Beyond Red and Blue: The issue with political party stereotypes

Mallory Hearn, Opinion Guest-Writer

With the rise of technology we are able to share our opinions and fight for change, but along with that, it has become increasingly difficult to maintain a good status with others in terms of political correctness.
A few days ago I heard a conversation where someone said, “Once the mask mandate is lifted I will continue to wear my mask, because I don’t want people to think I’m Republican.” I was shocked. Since when did masks become political? The sad truth is that everything is political in today’s world. It blows my mind that people can’t share their opinion without fear of backlash. People have become so sensitive and stubborn to the point where they take an opposing viewpoint and frame it as a personal attack.
Everyone has freedom of speech (to an extent), but often people focus more on the right to be offended than the right to free speech. If you have an issue with something someone said, try to see it in a different way or realize it has nothing to do with politics, before you viciously associate them with a political party. Just because someone claims to be Republican doesn’t mean they are homophobic, racist and sexist, and just because someone claims to be a Democrat doesn’t mean they are “snowflakes” who enjoy watching you pout about raised gas prices.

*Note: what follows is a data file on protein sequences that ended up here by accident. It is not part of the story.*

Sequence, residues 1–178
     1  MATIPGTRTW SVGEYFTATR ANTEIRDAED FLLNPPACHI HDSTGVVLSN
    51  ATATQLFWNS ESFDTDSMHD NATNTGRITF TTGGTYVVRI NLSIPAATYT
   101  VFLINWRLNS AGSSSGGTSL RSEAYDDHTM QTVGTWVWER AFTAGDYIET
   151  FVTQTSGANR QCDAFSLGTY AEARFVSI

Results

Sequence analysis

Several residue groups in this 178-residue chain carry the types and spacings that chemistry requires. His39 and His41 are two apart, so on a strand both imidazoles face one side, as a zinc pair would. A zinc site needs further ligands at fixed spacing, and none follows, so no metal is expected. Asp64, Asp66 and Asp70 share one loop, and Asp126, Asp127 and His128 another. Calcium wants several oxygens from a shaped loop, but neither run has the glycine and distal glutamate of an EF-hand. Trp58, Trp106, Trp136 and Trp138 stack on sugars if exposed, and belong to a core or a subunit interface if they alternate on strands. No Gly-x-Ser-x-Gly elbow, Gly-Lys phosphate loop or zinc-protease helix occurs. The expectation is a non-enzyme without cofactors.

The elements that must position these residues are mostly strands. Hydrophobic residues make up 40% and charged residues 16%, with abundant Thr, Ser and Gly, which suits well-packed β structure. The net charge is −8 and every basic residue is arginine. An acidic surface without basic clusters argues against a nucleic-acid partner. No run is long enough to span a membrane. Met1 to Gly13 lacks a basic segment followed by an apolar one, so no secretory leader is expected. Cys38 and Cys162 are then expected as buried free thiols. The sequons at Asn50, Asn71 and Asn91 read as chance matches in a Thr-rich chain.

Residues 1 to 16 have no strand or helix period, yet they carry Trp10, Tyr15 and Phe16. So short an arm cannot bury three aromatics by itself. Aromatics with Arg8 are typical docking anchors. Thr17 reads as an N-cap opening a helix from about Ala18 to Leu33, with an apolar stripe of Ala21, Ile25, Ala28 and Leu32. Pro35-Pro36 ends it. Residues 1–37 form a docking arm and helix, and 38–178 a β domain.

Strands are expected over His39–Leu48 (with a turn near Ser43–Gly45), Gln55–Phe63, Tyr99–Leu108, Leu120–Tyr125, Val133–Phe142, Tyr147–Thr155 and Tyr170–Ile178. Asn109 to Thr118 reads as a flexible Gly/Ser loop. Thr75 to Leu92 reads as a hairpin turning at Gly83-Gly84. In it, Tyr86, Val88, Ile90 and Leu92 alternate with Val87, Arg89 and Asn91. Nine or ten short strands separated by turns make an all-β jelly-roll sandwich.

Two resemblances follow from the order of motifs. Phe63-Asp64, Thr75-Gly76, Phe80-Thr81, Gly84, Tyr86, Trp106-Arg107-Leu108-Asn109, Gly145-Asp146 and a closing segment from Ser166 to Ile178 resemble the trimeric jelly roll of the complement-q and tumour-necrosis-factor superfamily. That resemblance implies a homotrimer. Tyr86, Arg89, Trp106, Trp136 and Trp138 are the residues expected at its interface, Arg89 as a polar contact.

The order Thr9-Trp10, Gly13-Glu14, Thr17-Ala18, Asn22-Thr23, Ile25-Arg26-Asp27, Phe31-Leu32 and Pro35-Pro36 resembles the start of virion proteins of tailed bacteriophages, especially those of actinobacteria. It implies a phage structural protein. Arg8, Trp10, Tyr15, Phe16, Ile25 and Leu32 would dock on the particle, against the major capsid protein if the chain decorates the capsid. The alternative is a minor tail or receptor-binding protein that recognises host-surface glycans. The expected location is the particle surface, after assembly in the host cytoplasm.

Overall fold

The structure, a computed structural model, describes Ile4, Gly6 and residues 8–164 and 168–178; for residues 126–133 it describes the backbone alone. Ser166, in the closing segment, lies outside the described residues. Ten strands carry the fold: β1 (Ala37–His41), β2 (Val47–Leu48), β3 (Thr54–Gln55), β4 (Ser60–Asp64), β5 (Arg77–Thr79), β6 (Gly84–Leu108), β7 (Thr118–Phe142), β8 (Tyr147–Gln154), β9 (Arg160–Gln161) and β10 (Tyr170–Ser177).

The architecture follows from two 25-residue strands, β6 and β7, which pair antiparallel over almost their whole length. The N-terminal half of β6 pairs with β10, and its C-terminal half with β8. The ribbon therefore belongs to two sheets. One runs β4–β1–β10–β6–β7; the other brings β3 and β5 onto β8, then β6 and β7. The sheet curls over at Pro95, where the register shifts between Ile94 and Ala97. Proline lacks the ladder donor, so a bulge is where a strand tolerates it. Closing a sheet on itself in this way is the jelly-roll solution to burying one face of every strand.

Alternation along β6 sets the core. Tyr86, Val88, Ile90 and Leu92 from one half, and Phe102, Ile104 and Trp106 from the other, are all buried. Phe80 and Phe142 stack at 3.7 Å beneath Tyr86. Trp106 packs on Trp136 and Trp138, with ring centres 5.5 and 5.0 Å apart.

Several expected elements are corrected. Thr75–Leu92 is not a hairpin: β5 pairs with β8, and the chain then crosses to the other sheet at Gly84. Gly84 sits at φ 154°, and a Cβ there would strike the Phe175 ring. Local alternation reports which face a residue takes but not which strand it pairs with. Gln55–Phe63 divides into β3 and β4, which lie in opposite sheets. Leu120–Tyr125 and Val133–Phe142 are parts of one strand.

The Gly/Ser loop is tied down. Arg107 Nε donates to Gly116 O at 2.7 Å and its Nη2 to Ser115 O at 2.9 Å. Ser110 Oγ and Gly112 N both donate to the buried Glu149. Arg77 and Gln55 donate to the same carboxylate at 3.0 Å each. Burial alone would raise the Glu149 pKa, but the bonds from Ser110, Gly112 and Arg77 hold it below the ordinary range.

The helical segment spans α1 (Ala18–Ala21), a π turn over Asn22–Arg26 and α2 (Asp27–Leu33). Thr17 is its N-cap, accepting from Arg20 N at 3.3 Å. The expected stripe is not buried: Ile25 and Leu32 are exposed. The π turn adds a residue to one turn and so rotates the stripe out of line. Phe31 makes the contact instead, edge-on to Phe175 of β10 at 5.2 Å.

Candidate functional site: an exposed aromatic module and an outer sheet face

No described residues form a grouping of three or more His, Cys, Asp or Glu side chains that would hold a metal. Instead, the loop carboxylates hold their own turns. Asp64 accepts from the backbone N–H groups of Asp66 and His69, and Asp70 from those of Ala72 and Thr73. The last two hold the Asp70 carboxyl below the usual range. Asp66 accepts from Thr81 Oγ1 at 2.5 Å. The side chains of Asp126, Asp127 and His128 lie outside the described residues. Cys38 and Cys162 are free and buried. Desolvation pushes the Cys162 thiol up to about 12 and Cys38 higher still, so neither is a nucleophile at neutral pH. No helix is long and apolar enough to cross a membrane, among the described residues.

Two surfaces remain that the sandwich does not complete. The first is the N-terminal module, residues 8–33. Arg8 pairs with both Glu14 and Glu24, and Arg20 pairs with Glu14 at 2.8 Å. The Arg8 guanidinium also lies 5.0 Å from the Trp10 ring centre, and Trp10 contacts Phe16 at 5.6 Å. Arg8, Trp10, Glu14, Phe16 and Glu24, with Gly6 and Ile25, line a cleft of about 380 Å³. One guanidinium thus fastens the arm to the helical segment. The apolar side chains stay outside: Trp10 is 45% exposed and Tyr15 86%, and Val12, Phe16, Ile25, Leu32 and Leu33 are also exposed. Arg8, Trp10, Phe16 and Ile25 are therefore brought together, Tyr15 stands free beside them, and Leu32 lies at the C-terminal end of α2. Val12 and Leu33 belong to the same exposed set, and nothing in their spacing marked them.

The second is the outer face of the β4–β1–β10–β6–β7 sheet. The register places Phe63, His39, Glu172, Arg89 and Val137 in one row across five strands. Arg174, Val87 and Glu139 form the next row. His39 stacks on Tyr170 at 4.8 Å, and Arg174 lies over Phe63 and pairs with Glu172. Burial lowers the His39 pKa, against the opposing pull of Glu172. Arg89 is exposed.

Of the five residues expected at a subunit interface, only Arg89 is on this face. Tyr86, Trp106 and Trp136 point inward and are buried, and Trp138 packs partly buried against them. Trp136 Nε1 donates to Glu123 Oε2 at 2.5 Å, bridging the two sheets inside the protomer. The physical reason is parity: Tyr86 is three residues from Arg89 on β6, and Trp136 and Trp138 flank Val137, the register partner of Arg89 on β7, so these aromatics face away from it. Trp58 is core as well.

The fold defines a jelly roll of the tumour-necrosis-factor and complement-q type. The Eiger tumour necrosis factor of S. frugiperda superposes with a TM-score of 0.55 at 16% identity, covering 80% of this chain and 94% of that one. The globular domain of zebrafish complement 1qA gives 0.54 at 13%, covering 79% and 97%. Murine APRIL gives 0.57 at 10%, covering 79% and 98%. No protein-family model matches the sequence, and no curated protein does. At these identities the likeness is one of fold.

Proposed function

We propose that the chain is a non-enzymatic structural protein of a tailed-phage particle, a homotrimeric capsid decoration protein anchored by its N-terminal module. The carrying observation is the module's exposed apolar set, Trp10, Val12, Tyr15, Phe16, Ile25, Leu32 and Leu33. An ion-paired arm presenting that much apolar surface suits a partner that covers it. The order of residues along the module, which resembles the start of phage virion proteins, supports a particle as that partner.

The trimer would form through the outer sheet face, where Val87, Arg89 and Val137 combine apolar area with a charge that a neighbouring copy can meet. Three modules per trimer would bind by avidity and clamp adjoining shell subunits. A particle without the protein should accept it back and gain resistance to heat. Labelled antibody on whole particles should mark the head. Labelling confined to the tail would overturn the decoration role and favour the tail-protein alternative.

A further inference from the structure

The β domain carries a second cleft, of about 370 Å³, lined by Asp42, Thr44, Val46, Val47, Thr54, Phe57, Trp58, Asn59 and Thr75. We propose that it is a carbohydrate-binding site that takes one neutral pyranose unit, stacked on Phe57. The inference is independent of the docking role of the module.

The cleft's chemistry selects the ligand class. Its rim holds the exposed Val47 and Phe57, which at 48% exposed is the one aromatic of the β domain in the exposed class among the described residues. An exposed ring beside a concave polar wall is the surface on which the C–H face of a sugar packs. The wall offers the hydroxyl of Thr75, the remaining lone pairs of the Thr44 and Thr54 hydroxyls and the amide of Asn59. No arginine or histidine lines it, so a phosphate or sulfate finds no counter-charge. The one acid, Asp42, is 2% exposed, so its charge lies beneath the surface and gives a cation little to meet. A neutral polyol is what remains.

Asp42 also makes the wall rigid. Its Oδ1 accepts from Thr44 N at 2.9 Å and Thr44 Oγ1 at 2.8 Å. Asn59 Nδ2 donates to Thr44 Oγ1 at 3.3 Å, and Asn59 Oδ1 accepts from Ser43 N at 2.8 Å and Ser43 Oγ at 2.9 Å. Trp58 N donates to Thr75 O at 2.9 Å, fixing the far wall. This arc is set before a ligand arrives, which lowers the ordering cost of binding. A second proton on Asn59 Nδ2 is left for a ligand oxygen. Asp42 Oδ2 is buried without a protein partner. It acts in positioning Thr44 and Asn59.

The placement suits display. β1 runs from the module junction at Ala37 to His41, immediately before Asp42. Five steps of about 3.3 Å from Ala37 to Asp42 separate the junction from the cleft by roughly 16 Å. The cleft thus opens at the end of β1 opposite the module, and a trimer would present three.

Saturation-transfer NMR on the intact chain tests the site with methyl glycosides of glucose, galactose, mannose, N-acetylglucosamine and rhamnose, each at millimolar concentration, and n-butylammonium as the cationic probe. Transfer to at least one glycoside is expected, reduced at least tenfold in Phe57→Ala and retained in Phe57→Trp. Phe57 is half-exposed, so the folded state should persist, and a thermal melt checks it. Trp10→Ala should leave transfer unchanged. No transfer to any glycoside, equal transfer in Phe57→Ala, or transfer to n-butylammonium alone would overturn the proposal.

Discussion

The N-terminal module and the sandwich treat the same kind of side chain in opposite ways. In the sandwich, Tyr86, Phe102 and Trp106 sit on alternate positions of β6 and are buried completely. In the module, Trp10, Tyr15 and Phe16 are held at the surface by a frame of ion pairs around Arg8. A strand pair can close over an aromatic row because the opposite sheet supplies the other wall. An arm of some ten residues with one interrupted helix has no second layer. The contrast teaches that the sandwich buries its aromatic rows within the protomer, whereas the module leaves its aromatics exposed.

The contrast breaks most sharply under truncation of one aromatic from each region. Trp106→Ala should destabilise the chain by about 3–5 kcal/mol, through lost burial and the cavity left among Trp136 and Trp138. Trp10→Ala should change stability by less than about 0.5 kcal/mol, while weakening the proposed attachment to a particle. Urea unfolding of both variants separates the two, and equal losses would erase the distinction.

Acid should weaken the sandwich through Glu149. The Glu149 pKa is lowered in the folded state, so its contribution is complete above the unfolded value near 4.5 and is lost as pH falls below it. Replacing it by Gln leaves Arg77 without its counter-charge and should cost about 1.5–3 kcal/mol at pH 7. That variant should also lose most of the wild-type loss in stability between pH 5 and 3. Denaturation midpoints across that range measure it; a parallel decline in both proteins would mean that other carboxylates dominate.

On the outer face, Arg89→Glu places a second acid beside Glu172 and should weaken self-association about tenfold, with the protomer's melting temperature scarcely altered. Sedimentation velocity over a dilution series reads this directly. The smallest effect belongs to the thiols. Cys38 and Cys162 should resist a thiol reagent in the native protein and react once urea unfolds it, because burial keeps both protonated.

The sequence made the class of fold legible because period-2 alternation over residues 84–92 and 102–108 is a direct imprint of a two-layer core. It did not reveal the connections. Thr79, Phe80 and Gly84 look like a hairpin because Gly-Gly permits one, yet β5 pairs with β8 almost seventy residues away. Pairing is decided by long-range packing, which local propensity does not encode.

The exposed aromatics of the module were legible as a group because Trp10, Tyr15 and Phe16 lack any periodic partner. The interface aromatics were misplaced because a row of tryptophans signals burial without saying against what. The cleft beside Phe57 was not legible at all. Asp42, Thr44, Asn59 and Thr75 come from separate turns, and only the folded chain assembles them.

We are supposed to be seen as a unified nation, but we’re getting farther from that everyday. We are so divided and close minded that we can’t even talk to each other without an argument. Every issue is polarized to the point where there is no room for personal interpretation. It’s nearly impossible to have a civil conversation in my Civics and Economics class without someone gossiping about you just because you believe something different from them. We automatically file someone into a stereotype when we don’t completely agree with their opinion.
Half of this issue I blame on social media for creating a so-called “safe space” where people basically bully each other through a screen, and the other half I blame on pure ignorance. If you determine friendships based on political party affiliation, you’re the issue, not the opposing side you won’t take time to understand.
This absurd sensitivity needs to stop if we as people want to come together and actually make a difference. So next time you make stereotypical assumptions about someone based solely on their political party status, think about the harm you are causing to others, society and your reputation.